I want to talk about three categories of documents that might appear to be covered by attorney-client privilege that a judge might otherwise decide are not. DOJ’s suggestion that there may not be a dispute reminds me of how, during the privilege review of Michael Cohen’s phones in 2018, as soon as Judge Kimba Woods ruled that any fight over privilege would have to be public, Trump slithered away and stopped fighting to keep the recordings about hush payments that Cohen kept on his phone away from prosecutors.

In other words, particularly since DOJ completely bypassed any involvement from Trump, I suspect DOJ believes that the materials currently under ex parte review by Reinhart or some other judge may be crime-fraud excepted.

Consider the kinds of materials that, under the warrant, could be seized:

  • Any Presidential or government record created during Trump’s term, which would include most if not all of the subcategory of documents bearing classification marks
  • Documents stored along with (that is, perhaps in the same storage closet) documents bearing classification marks
  • Evidence of the knowing alteration, destruction, or concealment of government and/or Presidential records — basically, of obstruction

If it remains true that all documents with potentially privileged materials are on the SSA receipt, it is likely that there were a chunk of documents — labeled just “documents” seized from his office (where the privilege team did all the initial search) — as well as five boxes that by description were stored with documents bearing classified markings, probably found in the storage room and handed off to the filter team for some reason.

The most obvious set of materials that would appear privileged but might be deemed by a judge to be crime-fraud excepted would pertain to obstruction: Materials that post-date Trump’s Presidency involving lawyers (either the former White House counsels who attempted to get him to return the documents) or his current attorneys, especially including the effort to refuse NARA and DOJ’s requests and/or to provide bullshit information in response to one or more subpoenas. That’s what those documents seized from Trump’s office might consist of.

Another category of documents might include materials involving non-governmental lawyers — Rudy Giuliani or John Eastman are likely possibilities — that appeared on official government records. These materials might pertain to January 6. Particularly given that SCOTUS approved the waived privilege claims over Trump’s governmental files, those seem like an easy decision.

A third category of information pertains to advice White House counsel lawyers gave Trump while still in office outside the context of a legal proceeding (different from the advice the same former White House counsels gave during the extended fight with NARA) that he wants to keep from DOJ. The Bill Clinton precedent would say that NARA at least gets this information, and if there is a legal basis for the FBI to obtain it (such as that it includes classified information, as the White House counsel response to the Zelenskyy-Trump call would be), then it would seem FBI would be able to obtain it. Given Trump’s bid to claim Executive Privilege over certain information, I wouldn’t be surprised if this were a heated issue.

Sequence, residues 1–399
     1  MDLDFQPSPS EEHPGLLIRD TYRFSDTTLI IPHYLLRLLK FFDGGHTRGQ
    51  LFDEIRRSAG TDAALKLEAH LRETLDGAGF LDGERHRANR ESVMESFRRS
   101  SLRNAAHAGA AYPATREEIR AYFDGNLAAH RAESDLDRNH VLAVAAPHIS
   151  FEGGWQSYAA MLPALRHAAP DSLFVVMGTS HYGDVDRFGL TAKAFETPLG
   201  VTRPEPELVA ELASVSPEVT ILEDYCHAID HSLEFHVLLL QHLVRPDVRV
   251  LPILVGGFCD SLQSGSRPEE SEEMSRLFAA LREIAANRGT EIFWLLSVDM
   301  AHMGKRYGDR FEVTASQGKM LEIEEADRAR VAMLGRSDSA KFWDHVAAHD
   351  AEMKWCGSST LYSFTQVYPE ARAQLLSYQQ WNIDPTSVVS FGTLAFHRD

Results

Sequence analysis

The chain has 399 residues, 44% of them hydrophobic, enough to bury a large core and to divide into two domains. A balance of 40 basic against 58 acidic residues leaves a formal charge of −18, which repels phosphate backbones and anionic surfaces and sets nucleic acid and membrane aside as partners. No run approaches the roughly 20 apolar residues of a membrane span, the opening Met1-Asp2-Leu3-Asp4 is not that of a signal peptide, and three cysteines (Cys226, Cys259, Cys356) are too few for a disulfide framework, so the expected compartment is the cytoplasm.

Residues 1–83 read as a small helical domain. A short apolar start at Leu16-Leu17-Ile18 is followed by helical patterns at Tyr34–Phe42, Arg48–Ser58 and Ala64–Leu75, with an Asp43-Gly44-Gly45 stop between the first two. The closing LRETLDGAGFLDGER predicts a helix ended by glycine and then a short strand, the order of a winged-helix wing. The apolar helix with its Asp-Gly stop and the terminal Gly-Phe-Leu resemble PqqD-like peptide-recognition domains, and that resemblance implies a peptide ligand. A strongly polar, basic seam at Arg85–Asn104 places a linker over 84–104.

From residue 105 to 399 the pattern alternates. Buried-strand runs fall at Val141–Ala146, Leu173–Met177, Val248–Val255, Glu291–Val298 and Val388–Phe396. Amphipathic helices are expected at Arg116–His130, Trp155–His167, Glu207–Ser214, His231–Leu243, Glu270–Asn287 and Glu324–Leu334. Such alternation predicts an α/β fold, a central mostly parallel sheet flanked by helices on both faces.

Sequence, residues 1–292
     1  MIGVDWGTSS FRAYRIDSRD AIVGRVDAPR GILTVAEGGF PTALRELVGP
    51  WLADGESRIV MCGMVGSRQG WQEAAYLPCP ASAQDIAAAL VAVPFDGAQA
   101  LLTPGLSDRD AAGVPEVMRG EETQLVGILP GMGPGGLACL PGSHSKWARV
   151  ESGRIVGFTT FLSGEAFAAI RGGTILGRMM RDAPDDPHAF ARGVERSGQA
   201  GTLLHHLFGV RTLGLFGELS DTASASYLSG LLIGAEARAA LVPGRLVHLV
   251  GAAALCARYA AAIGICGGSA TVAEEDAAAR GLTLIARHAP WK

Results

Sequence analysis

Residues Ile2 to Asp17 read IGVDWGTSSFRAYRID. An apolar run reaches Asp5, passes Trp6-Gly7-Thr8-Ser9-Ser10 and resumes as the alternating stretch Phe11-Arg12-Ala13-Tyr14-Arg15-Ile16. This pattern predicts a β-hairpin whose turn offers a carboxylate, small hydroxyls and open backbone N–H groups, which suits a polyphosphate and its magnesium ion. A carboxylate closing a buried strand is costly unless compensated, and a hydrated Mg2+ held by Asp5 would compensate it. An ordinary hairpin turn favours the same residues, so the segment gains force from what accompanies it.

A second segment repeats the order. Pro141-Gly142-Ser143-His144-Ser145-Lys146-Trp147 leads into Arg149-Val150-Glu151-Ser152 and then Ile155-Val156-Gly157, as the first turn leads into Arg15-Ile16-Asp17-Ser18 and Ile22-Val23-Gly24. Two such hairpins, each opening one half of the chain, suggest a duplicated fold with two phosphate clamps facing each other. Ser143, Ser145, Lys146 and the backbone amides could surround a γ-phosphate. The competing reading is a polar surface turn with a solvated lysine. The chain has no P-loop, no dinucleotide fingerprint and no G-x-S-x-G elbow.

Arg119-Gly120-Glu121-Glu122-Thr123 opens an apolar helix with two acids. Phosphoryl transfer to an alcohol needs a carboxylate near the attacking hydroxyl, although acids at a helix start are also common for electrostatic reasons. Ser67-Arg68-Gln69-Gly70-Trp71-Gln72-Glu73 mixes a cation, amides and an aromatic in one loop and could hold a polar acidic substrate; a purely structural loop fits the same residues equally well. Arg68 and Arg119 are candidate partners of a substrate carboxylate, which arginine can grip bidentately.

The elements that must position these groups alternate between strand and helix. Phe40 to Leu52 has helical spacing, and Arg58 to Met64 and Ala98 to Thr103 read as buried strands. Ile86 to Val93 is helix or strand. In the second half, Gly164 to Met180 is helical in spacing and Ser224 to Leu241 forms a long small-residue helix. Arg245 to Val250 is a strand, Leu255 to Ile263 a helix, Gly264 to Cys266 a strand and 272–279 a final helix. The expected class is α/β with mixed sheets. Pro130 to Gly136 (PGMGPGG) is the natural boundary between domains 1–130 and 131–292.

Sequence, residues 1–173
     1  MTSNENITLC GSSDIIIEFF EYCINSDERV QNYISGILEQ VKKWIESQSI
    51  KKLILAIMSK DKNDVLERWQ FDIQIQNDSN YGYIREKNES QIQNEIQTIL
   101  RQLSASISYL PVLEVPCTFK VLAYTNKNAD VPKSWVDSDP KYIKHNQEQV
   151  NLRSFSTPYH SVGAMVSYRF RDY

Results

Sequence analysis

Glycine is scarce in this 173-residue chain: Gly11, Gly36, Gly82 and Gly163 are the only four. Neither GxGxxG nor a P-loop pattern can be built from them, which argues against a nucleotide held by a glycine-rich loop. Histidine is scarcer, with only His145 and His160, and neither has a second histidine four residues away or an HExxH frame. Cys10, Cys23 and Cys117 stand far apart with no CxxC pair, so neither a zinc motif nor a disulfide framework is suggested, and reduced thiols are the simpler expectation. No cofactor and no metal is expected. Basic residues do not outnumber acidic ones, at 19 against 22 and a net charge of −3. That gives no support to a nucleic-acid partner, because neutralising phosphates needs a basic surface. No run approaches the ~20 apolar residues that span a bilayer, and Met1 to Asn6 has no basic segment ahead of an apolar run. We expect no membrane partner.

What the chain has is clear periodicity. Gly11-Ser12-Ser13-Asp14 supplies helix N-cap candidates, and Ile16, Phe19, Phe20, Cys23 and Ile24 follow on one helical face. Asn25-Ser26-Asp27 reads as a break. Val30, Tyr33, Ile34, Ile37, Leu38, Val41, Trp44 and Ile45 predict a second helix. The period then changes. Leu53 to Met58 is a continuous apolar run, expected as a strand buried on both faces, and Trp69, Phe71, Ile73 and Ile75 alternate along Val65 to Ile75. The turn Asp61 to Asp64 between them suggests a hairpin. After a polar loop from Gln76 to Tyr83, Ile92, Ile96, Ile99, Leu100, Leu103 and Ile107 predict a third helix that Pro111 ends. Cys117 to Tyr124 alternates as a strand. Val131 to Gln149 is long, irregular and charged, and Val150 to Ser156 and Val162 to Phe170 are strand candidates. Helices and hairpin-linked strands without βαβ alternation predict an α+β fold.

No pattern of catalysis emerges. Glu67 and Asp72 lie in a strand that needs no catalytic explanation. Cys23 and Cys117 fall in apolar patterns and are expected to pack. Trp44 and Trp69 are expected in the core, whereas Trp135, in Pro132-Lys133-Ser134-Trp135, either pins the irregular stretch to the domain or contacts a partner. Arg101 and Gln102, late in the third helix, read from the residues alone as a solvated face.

The one set of documents that I think does raise real concerns, though, is Trump’s defense during Impeachment 1.0. At least three members of the White House Counsel staff were part of Trump’s defense team: Pat Cipollone, Patrick Philbin, and Michael Purpua. Taxpayers paid their salaries during the period when they were defending Trump, and so under the Clinton precedent, any files involving them would seem to be government documents covered by the Presidential Records Act. But Trump also had some talking heads — like Alan Dershowitz and Pam Bondi — and one of the real private attorneys who represented him in the Russian investigation, Jane Raskin. Trump’s communications with the later two groups should be privileged.

I’ve asked experts on Richard Nixon and Bill Clinton what happened with their impeachment records. Best as I can tell, many of those records are in the Archives. But I’m still not sure how the special case of Trump’s impeachment defense would be treated.

Update: Removed Eric Herschmann from the list of WH Counsels who represented Trump in impeachment. He was still in private practice then.

Key Details about Evan Corcoran that Evan Corcoran Did Not Disclose to Judge Aileen Cannon

Over the weekend, Judge Aileen Cannon ordered DOJ — which had not yet been formally served in Donald Trump’s civil suit to get a Special Master appointed to conduct a review of the materials seized from his home — to take initial steps towards appointing a Special Master.

There are a lot of procedural reasons why that order is crazy.

But Judge Cannon might be excused for believing some grave wrong has been done against the former President. That’s because the two filings his lawyers submitted — neither of which was accompanied by a sworn declaration — were wildly misleading.